The 2015 World Happiness Report took some time (and a cappuccino and a few Facebook breaks) to get through—but it was worth it. If nothing else, it's a fascinating read. The report and the 17 Sustainable Development Goals (SDGs) are inextricably linked: governments and leading experts in an array of fields support the “inclusion of happiness indicators for the SDGs. The [WHR] once again underscores the fruitfulness of using happiness measurements for guiding policy making and for helping to assess the overall well-being in each society.” I'm not sure what I expected when I downloaded 2015's WHR, but I definitely didn't think I'd be scrolling through 167 pages of charts, equations, neuroscience, and philosophy. The result of Gallup World Poll's massive surveying efforts synthesizes six main variables, including real GDP per capita, healthy life expectancy, and freedom from corruption, to name a few.

And all of a sudden, there it was. I reached Chapter Eight of the report and that something finally clicked. There's a strong social theme that's woven throughout the report, and of the six variables considered as key indicators of happiness, two in particular stood out to me: having someone to count on, and generosity. In fact, differences in social support is actually considered one of the three most important variables. Chapter Eight is devoted entirely to illustrating the importance of investing in what's known as “social capital.” Social capital is “a measure of the quality of interpersonal relations, involving trust, honesty, and mutual support, and these in turn increase mental and physical wellbeing.” A strong social support system is essential for the foundation of a resilient community, both on a small scale and globally, and this is overlooked far too often.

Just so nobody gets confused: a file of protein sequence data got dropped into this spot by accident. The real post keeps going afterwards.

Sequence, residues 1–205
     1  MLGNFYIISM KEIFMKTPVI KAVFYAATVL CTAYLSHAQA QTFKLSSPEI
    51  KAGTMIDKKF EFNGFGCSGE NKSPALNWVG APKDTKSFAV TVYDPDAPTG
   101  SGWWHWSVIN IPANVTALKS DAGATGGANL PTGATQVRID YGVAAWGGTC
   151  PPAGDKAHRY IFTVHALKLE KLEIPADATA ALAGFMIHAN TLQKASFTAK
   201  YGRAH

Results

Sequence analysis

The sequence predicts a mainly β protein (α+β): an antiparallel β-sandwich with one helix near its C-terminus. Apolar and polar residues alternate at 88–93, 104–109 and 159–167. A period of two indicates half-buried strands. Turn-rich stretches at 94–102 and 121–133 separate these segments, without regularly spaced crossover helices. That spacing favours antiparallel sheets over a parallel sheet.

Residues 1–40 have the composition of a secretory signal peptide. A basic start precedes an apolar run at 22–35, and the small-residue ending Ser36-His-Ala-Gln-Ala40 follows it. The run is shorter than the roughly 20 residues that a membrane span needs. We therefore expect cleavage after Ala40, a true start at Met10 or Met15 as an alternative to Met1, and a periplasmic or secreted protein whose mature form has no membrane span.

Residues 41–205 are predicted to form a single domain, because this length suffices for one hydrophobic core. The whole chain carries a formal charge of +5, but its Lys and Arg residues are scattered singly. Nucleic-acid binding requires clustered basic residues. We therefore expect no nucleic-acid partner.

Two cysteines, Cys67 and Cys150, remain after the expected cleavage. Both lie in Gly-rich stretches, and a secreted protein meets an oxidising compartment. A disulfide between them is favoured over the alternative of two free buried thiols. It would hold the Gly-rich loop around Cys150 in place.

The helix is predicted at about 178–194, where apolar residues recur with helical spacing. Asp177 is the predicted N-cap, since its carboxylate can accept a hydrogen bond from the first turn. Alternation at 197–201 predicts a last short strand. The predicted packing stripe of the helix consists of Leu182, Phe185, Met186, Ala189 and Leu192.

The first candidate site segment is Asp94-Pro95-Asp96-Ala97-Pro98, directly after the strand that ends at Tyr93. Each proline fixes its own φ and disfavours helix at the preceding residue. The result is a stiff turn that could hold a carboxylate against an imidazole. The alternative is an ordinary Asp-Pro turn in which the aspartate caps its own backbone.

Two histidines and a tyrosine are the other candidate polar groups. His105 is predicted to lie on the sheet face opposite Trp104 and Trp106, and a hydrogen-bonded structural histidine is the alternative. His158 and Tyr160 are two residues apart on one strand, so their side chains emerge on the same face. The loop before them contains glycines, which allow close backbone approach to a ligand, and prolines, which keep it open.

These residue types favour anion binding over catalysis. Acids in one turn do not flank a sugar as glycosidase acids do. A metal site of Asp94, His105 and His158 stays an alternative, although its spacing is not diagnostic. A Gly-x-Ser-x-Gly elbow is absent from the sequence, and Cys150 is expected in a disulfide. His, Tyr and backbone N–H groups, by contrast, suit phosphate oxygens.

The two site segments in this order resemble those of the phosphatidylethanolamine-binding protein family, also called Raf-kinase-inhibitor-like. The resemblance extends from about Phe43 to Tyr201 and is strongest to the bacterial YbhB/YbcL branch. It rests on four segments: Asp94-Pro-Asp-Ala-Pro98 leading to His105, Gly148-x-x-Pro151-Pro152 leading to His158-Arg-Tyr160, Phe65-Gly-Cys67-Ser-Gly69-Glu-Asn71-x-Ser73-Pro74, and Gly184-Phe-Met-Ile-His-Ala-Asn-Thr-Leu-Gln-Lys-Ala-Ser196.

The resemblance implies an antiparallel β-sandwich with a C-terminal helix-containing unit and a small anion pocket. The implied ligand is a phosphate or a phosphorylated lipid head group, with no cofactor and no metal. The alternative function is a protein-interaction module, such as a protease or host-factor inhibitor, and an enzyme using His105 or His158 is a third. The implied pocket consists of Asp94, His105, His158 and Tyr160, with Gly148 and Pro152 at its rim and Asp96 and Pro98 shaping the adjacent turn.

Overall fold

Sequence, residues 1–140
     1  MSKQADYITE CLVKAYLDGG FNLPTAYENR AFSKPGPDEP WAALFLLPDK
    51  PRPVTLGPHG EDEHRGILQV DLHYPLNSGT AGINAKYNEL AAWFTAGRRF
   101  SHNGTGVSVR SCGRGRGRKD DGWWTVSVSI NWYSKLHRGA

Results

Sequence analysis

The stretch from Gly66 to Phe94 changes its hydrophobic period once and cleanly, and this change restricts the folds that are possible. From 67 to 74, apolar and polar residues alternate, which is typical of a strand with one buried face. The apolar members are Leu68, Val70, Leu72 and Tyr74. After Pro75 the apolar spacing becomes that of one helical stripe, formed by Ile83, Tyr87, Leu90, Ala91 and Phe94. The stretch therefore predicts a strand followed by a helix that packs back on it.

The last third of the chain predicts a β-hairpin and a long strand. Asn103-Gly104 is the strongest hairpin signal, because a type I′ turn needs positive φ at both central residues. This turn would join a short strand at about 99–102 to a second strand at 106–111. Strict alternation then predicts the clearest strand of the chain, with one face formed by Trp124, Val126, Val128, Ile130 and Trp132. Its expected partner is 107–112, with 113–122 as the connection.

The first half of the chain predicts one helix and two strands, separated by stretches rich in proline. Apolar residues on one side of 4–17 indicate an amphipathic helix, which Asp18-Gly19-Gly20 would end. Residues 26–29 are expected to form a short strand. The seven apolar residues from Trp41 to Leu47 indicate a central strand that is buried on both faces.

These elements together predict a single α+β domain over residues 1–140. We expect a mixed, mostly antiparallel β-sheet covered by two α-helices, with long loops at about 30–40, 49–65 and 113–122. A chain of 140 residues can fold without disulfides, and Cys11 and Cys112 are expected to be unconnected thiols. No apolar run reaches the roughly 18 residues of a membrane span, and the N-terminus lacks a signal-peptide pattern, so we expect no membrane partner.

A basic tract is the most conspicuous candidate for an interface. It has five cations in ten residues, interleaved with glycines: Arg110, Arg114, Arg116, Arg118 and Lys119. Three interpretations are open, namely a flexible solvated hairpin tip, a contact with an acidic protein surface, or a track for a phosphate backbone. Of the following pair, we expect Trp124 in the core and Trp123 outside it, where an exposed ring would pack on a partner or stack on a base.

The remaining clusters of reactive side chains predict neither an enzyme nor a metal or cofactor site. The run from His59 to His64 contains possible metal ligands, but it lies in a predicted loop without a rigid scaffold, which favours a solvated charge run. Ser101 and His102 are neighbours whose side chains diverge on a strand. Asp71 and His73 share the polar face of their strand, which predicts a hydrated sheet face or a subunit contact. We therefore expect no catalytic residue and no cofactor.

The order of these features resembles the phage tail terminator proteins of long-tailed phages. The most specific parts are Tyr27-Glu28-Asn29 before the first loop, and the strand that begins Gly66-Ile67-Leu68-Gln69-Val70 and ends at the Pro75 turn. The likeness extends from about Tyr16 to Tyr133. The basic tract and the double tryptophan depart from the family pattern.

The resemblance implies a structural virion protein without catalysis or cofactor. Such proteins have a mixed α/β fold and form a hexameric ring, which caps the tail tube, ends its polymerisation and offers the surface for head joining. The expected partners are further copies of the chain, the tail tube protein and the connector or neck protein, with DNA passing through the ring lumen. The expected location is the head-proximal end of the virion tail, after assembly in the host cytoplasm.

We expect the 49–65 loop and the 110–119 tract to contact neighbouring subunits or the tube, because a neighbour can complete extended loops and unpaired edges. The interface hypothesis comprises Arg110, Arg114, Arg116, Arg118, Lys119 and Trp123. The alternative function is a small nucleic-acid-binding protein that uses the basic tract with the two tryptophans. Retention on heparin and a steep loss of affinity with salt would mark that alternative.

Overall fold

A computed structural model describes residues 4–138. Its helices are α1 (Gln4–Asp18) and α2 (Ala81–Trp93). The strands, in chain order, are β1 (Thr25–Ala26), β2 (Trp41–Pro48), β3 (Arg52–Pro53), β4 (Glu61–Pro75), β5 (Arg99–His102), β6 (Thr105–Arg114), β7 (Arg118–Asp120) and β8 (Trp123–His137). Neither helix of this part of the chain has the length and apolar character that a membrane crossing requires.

This, to me, is what it's all about. At the root of the violence we see around us, the clashing of classes and races, power struggles, gender inequality, and even economic atrocities, is the lack of connection between one another. We've forgotten that man, as Aristotle said, is a social animal. We need each other, for happiness and, ultimately, for survival—we cannot exist in a social vacuum. Research shows that “when individuals are made to experience social isolation, many of the same brain regions become active that are active in the experience of physical pain.”

And that's what at the core of this International Day of Happiness. It's in the pictures of smiling kids and celebrities holding babies; it's in the bus of supporters that Pharrell took to his Publicity Stunt for the Planet; and it's in the middle of the dance floor of my Best International Day of Happiness Brooklyn Has Ever Seen party. Maybe throwing an event for all my friends isn't going to hold up hospital walls in Gaza. And carrying a bag of groceries for an elderly lady isn't going to improve smartphone factory conditions in China. But by dancing and laughing and being the best people we know how to be, we can set an example. We can form a social fabric so strong it could cradle the world, and we can show the powers that be that we can clean up our oceans and feed the hungry and fight climate change—but we can only do it together.

I needed to see the science and read the numbers to understand International Day of Happiness. But to feel it, all I have to do is reach out a hand.